View Full Version : You've just been deputized
07-30-2001, 11:41 PM
First, I am no supporter of the topic in this (http://news.excite.com/news/ap/010728/13/computer-porn) link! But since when have any of you tech-folk sat a user's puter and shuffled through the contents of the HD to look for such things? I suppose there may be a share of you that have been told by management to route out the bad folks and thus have done some snooping, but...
I gather this article pertains to any puter (home or business) and any tech.
Don't forget to put on your shiny new badges when you roll up to that user's pc http://www.PCGuide.com/ubb/frown.gif
Too much is too much...Big Brother...did I hear 1984?
Edit: If I feel like narc'ing the user out, I'll narc them out...but I don't need the government telling me to :angry:
Flush 'N' Forget
FE Stokes WWTP (http://www2.apex.net/users/hwuswtp)
[This message has been edited by bassvax (edited 07-30-2001).]
I didn't catch if they have to look for it, or if it meant if they happen to see it? I think it should be a law that if they happen to seeit, they must report it, but to go looking for it? I don't think that would go over too well.
07-31-2001, 12:04 AM
Good ol' south cack'a'lacky , as always leading the road to ignorance and bigotry. ( before you blast me about the state, i was born adn raised ther, and my parents still reside there-so i know first hand of it's shortcomings ).
AS for these tech's, i don't see how they could place this on services outside the goverment, i mean, if for some reason i took my system into Bestbuy ( fat chance of that happening! http://www.PCGuide.com/ubb/tongue.gif ) and had them install a bigger harddrive and copy my data over from the old one; say for some reason i had objectionable matrial on it-by what moral or legal right do they have to report it?! This is a serious debate that's going on in businesses and other places of information transfer now.
I recall an article earlier about a convicted child molester who had a private diary in which he wrote a short story eluding to some erotic adventure between hisself and a child. It was found, and read by someone who turned him in; now the question is, even though he was a known criminal-he did not commit a crime by just using his imagination, you cannot use his previous actions as an excuse to invade his privacy for that sets a dangerous precedent where anyone can be convicted on just thinking about a crime. There have been some interesting cases based on similar events in the past century.
While child pornography is utterly disgusting ( and to me quite unfathomable ) what a person does in the privacy of their own mind is their business, until it impacts in the real world.
You know, if you think about it; this kinda links into our posts in the " after hours " section on the 2nd amendmant.
"Soap and education are not as sudden as a massacre, but they are more deadly in the long run."
"Imagination is more important than knowledge. Knowledge is limited. Imagination encircles the world." --Albert Einstein (1879-1955)
08-06-2001, 06:01 PM
First this is a way for law enforcement to search where they would otherwise be forbidden having no warrant or probable cause. It is wholly subjective and illegally ambigous. For example, If I have familly photos of my 3 year old daughter running around naked in the house chasing the dog, and a computer tech finds them I could be arrested, submitted to a public trial, and dozens of people who have no business seeing my 3 year old naked, will have access to those images such as attorneys, police, judges, jurors, and file clerks. Any of whom may be perverts that could steal or make copies of these images, possibly distribute them. Since these people have access to my computer files they could also view content not subject to investigation, such as trade secrets, the viewing of which could be very damaging to myself as well as my employer. This is yet another case of ridiculous knee jerk legislation.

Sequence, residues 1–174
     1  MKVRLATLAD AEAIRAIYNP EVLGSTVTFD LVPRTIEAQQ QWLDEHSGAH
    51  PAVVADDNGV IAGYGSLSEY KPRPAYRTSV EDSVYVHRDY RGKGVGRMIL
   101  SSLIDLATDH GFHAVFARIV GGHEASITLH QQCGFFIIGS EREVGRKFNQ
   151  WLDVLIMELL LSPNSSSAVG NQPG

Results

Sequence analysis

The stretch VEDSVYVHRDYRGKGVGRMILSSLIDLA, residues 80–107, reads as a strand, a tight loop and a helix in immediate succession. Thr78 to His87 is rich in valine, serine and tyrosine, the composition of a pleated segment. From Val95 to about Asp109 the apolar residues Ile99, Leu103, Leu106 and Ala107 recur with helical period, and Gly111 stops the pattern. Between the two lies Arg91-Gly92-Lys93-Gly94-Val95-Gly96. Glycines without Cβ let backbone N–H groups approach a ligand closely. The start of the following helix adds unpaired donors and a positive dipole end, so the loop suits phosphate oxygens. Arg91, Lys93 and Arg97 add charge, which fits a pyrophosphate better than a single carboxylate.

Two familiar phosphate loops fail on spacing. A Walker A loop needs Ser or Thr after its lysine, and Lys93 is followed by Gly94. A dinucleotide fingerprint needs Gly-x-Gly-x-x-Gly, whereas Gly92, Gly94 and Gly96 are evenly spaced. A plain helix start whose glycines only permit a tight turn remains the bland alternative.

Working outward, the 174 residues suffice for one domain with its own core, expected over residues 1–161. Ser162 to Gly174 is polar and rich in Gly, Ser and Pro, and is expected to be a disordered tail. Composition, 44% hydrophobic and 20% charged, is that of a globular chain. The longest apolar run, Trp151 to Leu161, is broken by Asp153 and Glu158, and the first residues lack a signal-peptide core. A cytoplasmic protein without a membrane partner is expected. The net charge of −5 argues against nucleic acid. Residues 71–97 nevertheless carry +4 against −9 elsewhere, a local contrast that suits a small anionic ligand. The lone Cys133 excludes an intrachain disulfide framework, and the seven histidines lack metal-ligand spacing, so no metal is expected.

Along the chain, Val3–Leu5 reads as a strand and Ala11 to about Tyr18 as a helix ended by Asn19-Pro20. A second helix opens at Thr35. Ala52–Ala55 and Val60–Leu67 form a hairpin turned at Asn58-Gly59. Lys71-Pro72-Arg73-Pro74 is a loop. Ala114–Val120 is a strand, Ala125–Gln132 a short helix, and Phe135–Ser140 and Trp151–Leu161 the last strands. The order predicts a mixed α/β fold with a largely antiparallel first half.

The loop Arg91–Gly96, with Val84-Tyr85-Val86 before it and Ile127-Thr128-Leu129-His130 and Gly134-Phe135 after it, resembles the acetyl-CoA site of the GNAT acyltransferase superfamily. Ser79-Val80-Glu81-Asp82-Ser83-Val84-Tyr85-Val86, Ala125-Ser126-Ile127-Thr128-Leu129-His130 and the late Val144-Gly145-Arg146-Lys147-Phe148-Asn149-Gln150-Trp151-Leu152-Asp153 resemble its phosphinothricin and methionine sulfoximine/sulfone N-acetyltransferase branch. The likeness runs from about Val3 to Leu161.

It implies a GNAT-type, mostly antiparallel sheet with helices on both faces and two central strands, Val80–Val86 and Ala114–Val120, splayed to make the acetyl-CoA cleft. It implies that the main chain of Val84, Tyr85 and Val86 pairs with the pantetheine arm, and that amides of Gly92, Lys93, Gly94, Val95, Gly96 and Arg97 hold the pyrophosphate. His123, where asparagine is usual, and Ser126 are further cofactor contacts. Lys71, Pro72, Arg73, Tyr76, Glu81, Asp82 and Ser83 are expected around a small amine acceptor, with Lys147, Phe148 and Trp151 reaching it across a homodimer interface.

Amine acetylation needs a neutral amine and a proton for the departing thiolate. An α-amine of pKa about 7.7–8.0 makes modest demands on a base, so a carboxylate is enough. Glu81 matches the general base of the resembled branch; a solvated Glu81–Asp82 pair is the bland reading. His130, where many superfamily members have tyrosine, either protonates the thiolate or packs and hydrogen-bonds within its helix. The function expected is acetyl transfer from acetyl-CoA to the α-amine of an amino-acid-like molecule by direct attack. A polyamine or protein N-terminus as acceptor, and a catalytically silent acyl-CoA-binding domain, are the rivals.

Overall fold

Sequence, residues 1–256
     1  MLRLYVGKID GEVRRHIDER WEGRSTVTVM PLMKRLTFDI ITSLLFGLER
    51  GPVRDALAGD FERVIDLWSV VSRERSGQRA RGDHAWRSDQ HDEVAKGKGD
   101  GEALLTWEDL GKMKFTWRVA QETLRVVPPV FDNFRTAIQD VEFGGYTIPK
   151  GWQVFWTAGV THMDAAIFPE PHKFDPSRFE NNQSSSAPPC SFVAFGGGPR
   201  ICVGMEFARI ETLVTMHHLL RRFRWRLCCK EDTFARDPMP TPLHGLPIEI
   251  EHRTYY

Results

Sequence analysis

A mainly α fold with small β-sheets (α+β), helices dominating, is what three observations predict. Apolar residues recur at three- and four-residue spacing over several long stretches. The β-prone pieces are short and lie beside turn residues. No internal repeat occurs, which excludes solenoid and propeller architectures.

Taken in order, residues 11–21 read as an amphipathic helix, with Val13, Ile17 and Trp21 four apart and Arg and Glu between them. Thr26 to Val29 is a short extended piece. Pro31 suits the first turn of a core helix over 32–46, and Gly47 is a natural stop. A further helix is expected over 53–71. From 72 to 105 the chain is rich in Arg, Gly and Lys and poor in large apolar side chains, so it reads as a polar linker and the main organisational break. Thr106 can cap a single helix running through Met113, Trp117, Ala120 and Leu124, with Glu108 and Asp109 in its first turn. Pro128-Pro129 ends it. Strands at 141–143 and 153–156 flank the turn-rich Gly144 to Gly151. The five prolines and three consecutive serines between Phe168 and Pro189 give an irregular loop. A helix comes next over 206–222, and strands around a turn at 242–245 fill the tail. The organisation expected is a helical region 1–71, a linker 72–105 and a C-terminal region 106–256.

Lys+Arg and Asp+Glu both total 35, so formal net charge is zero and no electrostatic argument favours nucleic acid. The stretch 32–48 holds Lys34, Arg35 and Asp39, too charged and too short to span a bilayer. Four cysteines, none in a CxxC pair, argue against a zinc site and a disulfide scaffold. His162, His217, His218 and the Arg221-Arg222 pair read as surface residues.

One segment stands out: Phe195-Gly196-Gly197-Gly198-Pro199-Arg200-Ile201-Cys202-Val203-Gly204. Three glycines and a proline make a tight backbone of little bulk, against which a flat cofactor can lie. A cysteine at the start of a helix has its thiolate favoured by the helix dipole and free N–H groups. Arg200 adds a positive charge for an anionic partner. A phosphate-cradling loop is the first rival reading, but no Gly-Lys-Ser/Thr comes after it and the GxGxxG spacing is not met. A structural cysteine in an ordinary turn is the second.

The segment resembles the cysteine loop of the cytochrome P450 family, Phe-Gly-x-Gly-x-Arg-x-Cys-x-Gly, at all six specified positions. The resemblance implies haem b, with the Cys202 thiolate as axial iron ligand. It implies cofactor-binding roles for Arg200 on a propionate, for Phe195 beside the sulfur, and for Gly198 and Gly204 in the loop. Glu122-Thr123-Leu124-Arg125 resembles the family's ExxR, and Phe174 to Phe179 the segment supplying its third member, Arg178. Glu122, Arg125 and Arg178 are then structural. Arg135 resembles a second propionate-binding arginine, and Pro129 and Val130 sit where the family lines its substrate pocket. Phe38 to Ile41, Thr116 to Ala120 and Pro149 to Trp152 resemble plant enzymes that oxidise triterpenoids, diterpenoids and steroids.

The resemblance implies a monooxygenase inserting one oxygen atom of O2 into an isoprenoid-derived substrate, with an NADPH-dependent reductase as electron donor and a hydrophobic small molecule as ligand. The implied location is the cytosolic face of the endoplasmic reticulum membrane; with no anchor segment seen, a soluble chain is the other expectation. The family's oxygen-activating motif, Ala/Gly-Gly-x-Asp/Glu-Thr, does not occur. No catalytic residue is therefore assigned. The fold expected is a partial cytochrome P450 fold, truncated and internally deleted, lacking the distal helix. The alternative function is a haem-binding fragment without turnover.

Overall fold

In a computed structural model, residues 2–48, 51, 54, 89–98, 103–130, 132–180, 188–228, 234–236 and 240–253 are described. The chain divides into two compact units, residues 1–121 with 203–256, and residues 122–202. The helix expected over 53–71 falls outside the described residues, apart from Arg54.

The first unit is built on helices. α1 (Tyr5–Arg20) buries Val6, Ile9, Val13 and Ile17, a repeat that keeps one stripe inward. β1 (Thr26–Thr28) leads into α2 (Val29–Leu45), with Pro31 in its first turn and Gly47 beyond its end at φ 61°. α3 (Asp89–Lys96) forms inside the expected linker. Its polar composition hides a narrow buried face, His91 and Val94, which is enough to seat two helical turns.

08-06-2001, 06:58 PM
I am in favour of helping the law enforcement with not only child pornography, but all crime.
This is giving not only the Police etc. (as has been mentioned: without a warrant) access to our personal files on our machines. Which CANNOT be right.
In fact the law should PROTECT our rights to personal data, FORBIDDING technicians to ACCESS it, and that should they neccasarily or accidentally open or view any data, be bound by law to keep it confidential.
What's next, Doctors, Lawyers, Clergy? will they take away the right of client confidentiallity?
I have nothing on my machine of any sort of illegal nature, but if I felt that someone was viewing it without my knowledge or permission, it would be the same as if I had been burgled & ransacked.
Also I don't like the inference, are we being 'Tarred with the same brush' ie. like All home computers are only used for porn? which I have come across (occasionally) from 'unwise, non computer users' before.
This IS a violation of our rights!
for every question there's an answer. Then a load more questions.
08-07-2001, 05:13 PM
Having done service work in and around peoples houses for the last 20 years I've seen quite a few things but would never consider reporting anything. After all those people are my customers.
I'd be surprised if many techs will report anything about any files but I suppose sooner or later someone will. Maybe a few techs who work on the legislators comps should scrutinize those machines.
Of course making a law doesn't actually make it legal to search through someone's files. When the first case rolls in the law will be tested and probably found unconstiutional.
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